Common App Essay: Airports

As the college admissions season winds down and I find myself having to commit to a university soon, I thought it might help others to post an essay or two for public record. What follows is my Common App essay, the oh-so fabled and “main” essay required for admissions.

Prompt: Describe a place or environment where you are perfectly content. What do you do or experience there, and why is it meaningful to you? 

An eerily dystopic voice of an adult woman blared. I caught the words “boarding” and “immediate” but I couldn’t bring myself to care. Bringing my head up from the stiff, cold plastic seat that I spent the night sleeping in, for a brief moment I was in a haze, wondering where I was. “Hurry the hell up, we gotta make security in time if we want to make this goddamn flight!” While I was trying to regain consciousness — and failing to realize the gravity of the situation — my father was frantically trying to gather my family’s bags while we tried to make a mad dash for our gate. We were a worried, sweaty, and frenetic family in a foreign land and, despite the alarming wake-up call I received, I absolutely loved it.

Episodes like that are a common theme in my life. In my 17 years of life thus far, I have spent more nights and days in airports than there are fingers on my hands. The thick slabs of concrete, the seemingly stoic yet easily irritable security personnel, the hustle and bustle that gives way to non-stop streams of human noise — oft-maligned aspects of airports, yet things I’ve grown so accustomed to that I can’t help but hold some sort of familial love for them. Spending large chunks of my childhood in airports was never a planned affair on my part — my parents, being immigrants to Midwestern America, longed both to see their family back home and to momentarily escape from the bleak cornfields in which they became accustomed to living in. The first time I found myself in an airport, I was scared. I was used to seeing many people at the mall, but for four-year-old me, it was another world.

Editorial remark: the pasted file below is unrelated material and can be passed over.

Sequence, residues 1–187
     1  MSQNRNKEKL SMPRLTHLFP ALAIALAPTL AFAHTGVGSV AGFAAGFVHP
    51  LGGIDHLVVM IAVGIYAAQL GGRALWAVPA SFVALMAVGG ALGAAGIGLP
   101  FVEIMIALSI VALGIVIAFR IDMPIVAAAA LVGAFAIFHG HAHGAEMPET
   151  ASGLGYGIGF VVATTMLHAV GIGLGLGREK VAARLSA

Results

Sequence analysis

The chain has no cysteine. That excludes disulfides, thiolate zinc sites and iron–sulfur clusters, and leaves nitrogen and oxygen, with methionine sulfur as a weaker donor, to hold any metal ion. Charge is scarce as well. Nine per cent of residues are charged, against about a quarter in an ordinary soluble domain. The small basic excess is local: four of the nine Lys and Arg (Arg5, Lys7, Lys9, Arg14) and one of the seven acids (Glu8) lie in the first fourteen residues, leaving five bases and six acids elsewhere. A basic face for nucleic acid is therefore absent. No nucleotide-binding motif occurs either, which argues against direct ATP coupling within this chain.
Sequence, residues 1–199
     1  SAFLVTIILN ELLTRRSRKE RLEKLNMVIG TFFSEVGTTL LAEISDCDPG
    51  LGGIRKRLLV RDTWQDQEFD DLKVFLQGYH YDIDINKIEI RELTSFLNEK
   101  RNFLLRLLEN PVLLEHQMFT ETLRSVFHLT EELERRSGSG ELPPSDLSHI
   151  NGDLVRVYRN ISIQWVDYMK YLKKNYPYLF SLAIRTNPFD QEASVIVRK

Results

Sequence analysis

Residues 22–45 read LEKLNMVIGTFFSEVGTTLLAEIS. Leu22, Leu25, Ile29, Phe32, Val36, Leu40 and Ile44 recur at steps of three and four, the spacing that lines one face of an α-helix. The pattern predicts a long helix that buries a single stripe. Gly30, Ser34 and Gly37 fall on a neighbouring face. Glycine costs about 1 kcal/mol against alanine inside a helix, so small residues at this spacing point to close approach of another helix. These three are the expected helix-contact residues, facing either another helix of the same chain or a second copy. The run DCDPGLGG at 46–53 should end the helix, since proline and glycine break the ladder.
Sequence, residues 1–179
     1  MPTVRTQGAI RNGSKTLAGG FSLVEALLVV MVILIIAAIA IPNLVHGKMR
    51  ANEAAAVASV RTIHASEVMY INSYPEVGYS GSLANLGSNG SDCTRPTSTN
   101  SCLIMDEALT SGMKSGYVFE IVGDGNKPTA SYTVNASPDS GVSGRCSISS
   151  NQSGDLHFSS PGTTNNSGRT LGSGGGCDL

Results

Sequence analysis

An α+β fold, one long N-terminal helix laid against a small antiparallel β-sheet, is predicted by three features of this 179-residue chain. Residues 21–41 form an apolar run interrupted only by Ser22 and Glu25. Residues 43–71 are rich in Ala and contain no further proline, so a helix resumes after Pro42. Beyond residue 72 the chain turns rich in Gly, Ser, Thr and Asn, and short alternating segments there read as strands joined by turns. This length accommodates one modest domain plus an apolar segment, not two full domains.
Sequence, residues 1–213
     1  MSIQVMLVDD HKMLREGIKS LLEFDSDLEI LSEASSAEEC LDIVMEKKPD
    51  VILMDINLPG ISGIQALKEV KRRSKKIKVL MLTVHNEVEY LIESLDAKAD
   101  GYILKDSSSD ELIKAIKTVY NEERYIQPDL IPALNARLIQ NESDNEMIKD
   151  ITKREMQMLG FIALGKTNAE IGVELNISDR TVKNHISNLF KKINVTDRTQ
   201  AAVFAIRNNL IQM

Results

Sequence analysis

As the years passed, we left town more and more often. As the stamps in my passport increased in number, my perspective changed. The focus of trips shifted from monotonous employees and long security lines to scouring duty free shops for local wares (among other things). From the devilishly tasty Vivident gum discovered while stuck in layover in Milan to the innocent joy I found in tasting the Dutch McDonald’s menu, my experiences in airports almost paid homage to the notion of childlike curiosity.

Some people may choose to view airports in a less than favorable lens, something for which I can’t blame them, but after spending time in so many, my nascent appreciation for airports grew into an insightful love of sorts. I find that there is more to airports than just what’s in the name — namely, being drab centers for global transportation. Rather, airports are towering cultural hubs symbolic of new experiences and worlds previously unknown. I admit, I become giddy when I arrive at an airport. Childishly giddy. Embarrassingly giddy. Why? Because a new opportunity has fallen in my lap — an opportunity to explore facets of a culture new to me. An opportunity to learn about Japan’s fiscal future with the investment banker sitting next to me, an opportunity to experience what a German’s spin on mango chutney is really like, an opportunity to see the world differently and in someone else’s shoes. Granted, I probably won’t be gathering much from the investment banker, but I digress.

My appreciation-turned-love for airports grew and still grows due to the window of perspective they provide. Back home I might be limited in the scope of people I interact with and the culture I experience, but the amalgamation of culture and differing personas at an airport has engendered a newfound appreciation and love for things I may have never discovered. The ability to peer into and learn from another world or two, even under the physiological stress of traveling, is unmatched.